– Robert Griffin III
I sit here typing, not knowing whether I should be saying what is on my mind.
Perhaps I am a hypocrite?
I tell my children that they don’t need to say everything that is on their mind, yet here I am, expressing a thought that I’m not sure I should be expressing.
In some of my earlier articles I've discussed the Law of Unintended Consequences, the idea that with every purposeful act, there will be outcomes that are non intended or unforeseen.
So here goes, here is what I’m wondering whether or not I can say this:
The unintended consequence of political correctness is killing young developing minds.
The idea that one needs to make sure that they don’t insult anyone is suffocating people of this era.
For generations healthy parents were teaching their children to ignore the optics and choose the best option for themselves.
“Hire the best person, regardless of what people say.”
“Don’t not be friends with ‘Kenny’ simply because ‘Jack’ won’t like it.”
“If you like that shirt, wear it! Why should you not wear it just because "Fred" will laugh?”
Now people are scared of making a choice that might make them appear racist or sexist.
Many people from all ages are figuratively walking on eggshells, worrying how a decision or verbal statement might be wrongly interpreted.
Here is a story to illustrate my concern:
A number of years ago in the United Kingdom there was a report about how members of a certain ethic community in a certain town were abusing the children of their town.
The police were notified from the beginning that there are victims making allegations of abuse, yet the police refused to respond.
Because the police were worried about being branded as racists.
So they did nothing.
Which only empowered the abusers.
Which caused more children to become victims.
Political correctness should mean that we treat all people with equal respect. It should not lead to a reality where criminals and others who are a danger to society are ignored because it will skew the statistics.
It should also not lead to a society where we are more concerned about potential reactions than we are concerned about what is best for oneself and one’s family.
So how does this translate to children?
With many children this is causing them to choose the choice that they believe others want them to make, and not the choice that they want to make.
They will choose to make their parents or friends happy at the expense of their own happiness.
They will sacrifice their own want in order to avoid being given criticism for beliefs that they really don’t have.
They are scared to use their voice to express their opinion, simply because they’ve witnessed what happens to others who have attempted to voice theirs.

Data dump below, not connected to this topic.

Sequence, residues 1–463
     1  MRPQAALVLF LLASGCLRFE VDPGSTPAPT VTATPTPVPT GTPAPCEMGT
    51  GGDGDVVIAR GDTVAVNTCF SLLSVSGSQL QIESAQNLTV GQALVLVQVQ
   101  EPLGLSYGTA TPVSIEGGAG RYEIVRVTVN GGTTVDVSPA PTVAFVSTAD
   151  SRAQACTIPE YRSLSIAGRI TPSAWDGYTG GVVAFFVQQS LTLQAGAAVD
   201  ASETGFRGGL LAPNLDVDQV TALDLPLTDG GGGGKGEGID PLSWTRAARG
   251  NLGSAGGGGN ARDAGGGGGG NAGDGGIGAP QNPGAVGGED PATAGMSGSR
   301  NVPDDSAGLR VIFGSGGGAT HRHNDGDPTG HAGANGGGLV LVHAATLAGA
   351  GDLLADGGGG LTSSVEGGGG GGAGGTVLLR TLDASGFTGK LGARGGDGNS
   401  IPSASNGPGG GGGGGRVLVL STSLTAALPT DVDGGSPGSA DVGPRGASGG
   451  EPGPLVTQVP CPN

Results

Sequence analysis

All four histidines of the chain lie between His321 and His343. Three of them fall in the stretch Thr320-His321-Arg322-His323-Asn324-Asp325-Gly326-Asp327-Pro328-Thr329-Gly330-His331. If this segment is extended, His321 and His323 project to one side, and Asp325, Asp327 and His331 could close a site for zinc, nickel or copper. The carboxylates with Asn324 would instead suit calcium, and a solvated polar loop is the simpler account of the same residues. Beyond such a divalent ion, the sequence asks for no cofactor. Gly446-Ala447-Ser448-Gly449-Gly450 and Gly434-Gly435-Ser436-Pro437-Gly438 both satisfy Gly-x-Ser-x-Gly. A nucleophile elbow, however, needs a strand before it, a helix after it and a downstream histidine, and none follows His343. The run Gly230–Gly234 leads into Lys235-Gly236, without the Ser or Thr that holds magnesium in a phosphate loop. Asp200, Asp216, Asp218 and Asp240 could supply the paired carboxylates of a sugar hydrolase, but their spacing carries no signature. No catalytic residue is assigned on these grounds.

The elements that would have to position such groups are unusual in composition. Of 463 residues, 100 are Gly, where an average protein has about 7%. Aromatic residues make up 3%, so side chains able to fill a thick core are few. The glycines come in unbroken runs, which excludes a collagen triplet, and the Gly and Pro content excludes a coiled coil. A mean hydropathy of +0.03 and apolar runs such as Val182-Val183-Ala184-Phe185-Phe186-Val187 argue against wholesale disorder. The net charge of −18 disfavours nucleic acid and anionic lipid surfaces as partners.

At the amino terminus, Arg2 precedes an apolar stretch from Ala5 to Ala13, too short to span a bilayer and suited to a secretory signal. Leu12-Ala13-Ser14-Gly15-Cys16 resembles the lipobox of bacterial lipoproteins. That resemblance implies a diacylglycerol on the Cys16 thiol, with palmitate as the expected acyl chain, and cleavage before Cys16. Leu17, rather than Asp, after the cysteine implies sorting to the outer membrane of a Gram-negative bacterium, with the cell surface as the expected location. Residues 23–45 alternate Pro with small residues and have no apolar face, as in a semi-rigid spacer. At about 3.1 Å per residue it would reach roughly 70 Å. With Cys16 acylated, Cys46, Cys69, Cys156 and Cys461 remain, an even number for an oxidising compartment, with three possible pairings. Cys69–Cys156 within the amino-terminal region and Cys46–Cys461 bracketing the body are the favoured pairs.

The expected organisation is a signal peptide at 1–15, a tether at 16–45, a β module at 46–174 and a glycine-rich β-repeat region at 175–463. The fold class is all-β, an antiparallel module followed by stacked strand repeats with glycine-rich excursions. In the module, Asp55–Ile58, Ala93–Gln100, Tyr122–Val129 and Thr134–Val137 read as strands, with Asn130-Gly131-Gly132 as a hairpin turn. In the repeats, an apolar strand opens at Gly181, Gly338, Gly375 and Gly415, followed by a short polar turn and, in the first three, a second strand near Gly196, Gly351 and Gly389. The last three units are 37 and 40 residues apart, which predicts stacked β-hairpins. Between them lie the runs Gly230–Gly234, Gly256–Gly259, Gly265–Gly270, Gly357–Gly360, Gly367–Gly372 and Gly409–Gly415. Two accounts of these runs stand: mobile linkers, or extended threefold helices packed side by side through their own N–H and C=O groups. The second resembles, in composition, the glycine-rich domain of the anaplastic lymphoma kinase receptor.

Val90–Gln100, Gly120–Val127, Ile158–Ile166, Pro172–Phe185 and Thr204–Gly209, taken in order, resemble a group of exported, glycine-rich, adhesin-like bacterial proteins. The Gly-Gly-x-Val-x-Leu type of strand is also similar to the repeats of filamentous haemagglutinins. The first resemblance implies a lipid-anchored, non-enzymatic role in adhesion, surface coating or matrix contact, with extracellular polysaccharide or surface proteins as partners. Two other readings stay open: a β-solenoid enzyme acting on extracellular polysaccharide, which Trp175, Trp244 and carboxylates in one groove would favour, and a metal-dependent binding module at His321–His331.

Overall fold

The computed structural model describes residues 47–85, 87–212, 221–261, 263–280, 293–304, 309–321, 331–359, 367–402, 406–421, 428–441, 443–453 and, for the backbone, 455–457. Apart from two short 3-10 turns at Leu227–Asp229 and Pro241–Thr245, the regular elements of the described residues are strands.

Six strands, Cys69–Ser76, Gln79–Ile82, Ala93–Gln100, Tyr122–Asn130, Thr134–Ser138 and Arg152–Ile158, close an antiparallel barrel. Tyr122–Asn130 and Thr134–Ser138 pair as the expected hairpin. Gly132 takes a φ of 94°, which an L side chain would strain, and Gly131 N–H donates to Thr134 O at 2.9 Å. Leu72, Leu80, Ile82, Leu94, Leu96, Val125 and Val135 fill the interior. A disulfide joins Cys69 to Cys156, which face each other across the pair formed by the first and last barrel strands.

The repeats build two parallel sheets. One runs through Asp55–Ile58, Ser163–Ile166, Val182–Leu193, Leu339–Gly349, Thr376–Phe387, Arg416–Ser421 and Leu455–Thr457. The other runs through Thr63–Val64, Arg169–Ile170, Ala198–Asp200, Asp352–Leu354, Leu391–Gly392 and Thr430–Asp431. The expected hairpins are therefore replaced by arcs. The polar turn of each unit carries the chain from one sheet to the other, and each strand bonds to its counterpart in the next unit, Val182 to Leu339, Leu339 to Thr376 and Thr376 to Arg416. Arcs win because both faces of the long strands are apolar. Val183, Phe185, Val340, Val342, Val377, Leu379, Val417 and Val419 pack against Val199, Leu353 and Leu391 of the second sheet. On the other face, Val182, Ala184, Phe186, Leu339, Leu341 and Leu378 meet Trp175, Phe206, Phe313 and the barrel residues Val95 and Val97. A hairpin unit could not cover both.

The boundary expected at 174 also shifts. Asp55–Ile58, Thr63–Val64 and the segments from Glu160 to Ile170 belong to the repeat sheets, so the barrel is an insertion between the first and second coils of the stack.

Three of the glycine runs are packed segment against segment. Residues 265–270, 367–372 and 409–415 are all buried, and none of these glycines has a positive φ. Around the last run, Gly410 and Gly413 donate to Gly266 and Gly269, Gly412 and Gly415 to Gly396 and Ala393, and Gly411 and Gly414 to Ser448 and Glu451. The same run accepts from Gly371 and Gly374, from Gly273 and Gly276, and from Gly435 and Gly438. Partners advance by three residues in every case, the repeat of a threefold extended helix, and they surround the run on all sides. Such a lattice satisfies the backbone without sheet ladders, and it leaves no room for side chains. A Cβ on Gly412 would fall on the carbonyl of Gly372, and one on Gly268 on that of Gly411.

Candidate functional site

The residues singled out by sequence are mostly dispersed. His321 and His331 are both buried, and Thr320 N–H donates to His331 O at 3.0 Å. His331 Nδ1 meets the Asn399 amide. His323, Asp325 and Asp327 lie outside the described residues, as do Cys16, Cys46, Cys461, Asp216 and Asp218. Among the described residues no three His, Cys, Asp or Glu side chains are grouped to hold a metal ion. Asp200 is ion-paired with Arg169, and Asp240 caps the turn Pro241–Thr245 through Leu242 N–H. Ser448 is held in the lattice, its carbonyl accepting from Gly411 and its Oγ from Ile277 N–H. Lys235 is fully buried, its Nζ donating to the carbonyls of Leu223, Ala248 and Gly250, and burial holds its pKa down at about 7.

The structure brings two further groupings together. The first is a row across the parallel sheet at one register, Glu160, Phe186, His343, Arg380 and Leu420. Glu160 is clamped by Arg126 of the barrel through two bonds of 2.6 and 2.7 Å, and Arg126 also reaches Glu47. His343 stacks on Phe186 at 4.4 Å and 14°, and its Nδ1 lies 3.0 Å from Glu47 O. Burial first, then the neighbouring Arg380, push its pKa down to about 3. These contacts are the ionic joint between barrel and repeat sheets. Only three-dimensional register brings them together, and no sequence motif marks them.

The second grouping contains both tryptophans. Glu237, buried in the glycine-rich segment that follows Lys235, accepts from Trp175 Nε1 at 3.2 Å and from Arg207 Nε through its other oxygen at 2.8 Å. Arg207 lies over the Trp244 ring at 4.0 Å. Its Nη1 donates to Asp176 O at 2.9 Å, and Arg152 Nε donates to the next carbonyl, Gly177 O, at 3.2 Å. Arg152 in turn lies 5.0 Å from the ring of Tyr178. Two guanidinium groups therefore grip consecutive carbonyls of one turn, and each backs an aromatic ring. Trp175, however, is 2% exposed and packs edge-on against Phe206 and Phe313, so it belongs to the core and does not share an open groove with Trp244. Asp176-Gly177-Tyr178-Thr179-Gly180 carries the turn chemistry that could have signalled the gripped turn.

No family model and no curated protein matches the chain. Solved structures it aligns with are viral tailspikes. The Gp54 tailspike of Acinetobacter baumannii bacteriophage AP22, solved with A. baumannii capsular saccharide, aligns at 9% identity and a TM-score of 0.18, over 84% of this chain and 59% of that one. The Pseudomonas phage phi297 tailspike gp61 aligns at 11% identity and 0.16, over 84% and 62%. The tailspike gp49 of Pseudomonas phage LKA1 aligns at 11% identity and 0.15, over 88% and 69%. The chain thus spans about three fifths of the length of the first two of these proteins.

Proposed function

Sadly, this reality has also opened them up to be manipulated by people who prey on this type of undue caution. (e.g. “Will you sign my petition asking the governor to pardon this person, or are you racist against people of this ethnic background?).
The goal should be for children to feel safe enough to express their true thoughts and feelings and they should be comfortable enough to choose their own personal wants.
The goal should NOT be that one needs to be so cautious of other people’s feelings that it completely stifles oneself.
So what can parents do?
First, teach them about Hanlon’s razor. That is the concept which says: Never attribute to malice that which can adequately explained by stupidity.
The second lesson is not taught through mere verbal education, it is taught through modelling proper behavior.
If children see that their parents aren’t so quick to view every insult and slight as vindictive, perhaps they won't either.
If they see their mother and father aren’t focused on how their neighbors perceive them, perhaps the child won’t be concerned as to how their classmates view them.
The change needs to come from the home.
The change needs to come from us, and that first and foremost means we need to change.
If we model bravery, they can be brave.
If we model a healthy ignorance to the optics, they can too.
However, if we show them that we care about what others think about us, no amount of words in the dictionary will be able to convince them that they should behave differently.
Yisroel Picker is a Social Worker who lives in Jerusalem. He has a private practice which specializes in working with people of all ages helping them understand their own thought processes, enabling them to improve their level of functioning, awareness, social skills and more.
To speak with Yisroel about speaking at a child safety event or to discuss a personal case, email him at firstname.lastname@example.org
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